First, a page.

New data shows that the suicide rate among older teenage girls hit a 40-year peak back in 2015. Several factors may have contributed to the rise, as agencies and companies continue to bolster suicide prevention efforts.
Suicide Rates Go Up
New data from the National Center for Health Statistics showed that suicide rates among teen girls reached a 40-year peak in the year 2015. Though the increase fluctuated through the years, the suicide rates among girls aged 15 to 19 were the highest in 2015 since recording began in 1975.
In the Centers for Disease Control and Prevention's (CDC) Morbidity and Mortality Weekly Report (MMWR), the numbers showed a significant peak in suicide rates among teenage girls in the United States. The suicide rate among girls in the age group doubled from 2007 to 2015.
Boys And Girls
To be clear, while the suicide rates for female teens saw a peak in 2015, the number of suicides among teenage boys remains higher.
Specifically, the suicide rate of 12 suicides per 100,000 among teenage boys in 1975 has increased to 14.2 in 2015. Among females, the 2.9 per 100,000 suicide rate in 1975 spiked to 5.1 in 2015 after a dip in 2007 when the suicide rate was at 2.4 per 100,000.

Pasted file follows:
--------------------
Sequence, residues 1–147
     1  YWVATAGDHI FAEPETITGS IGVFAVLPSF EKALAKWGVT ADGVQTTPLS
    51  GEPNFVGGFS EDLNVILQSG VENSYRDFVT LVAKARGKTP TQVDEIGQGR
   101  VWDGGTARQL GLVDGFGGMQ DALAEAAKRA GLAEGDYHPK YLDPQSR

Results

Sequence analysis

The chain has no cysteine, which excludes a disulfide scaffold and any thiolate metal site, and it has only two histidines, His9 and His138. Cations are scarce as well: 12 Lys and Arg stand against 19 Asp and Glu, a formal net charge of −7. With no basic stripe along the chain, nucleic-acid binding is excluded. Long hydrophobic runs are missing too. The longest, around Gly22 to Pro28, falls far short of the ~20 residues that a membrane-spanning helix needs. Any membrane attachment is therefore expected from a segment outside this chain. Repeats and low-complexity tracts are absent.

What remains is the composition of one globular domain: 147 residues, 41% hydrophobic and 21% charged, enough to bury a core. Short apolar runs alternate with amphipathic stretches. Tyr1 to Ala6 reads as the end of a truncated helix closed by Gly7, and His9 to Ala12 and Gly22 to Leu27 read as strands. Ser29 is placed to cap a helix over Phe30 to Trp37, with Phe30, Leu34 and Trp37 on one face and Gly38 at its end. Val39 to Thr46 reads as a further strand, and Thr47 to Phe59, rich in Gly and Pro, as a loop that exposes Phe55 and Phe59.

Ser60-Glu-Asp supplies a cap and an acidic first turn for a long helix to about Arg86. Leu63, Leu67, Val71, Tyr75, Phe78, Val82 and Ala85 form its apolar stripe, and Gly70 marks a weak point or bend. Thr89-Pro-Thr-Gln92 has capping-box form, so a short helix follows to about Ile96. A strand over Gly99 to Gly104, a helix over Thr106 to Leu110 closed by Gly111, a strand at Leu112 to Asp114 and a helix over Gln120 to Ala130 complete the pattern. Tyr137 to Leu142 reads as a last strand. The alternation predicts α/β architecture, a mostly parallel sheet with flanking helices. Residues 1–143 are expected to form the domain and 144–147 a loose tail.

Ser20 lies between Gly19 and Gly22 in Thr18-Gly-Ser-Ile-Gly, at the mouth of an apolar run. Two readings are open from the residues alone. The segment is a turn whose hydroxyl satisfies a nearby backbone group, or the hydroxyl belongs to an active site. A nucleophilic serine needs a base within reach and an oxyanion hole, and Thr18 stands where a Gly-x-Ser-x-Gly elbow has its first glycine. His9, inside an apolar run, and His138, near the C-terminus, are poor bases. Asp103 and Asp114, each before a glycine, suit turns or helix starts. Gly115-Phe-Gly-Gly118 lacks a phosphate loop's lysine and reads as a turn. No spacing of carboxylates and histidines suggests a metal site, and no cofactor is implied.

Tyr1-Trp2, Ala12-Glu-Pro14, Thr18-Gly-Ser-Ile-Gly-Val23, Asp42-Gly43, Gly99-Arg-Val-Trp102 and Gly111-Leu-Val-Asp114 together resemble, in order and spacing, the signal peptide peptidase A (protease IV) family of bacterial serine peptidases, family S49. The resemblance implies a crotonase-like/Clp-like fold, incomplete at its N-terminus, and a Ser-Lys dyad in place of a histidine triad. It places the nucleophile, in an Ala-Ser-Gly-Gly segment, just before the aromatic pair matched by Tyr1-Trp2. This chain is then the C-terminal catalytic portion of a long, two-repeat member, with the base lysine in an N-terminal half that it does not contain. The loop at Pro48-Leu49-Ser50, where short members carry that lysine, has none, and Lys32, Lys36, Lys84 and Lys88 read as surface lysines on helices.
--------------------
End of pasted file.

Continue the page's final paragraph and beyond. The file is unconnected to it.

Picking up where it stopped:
Generally speaking, the suicide rates for both teenage boys and girls have seen an increase in recent years. In 2015 alone, there were 524 female suicides and 1,537 male suicides in the 15 to 19 age group. By comparison, when the records began in 1975, there were 1,289 suicides among males and 305 suicides among females in the age group.
Further, in both 2014 and 2015, suicide was listed as the second highest leading cause of death among 15 to 24-year-olds after unintentional injury with 5,079 suicides in 2014 and 5,491 suicides in 2015.
No Single Reason
According to Carl Tishler, professor at Ohio State University who was not involved in the report, it is not likely for the increase in suicide rates to be a result of a single factor. In fact, the increase could be a result of multiple factors, which include substance abuse, exposure to violence, lack of support, and even the recession in the late 2000s, which could have caused familial problems and stress.
Because of this, multiple efforts are being done to raise awareness about mental health and suicide prevention.
The CDC considers suicide prevention as a serious public health problem, while the World Health Organization (WHO) has called on urgent action on mental health as they named depression as the leading cause of sickness and disability.
Meanwhile, companies such as Facebook and Twitter have bolstered its suicide prevention efforts by adopting AI-powered tools.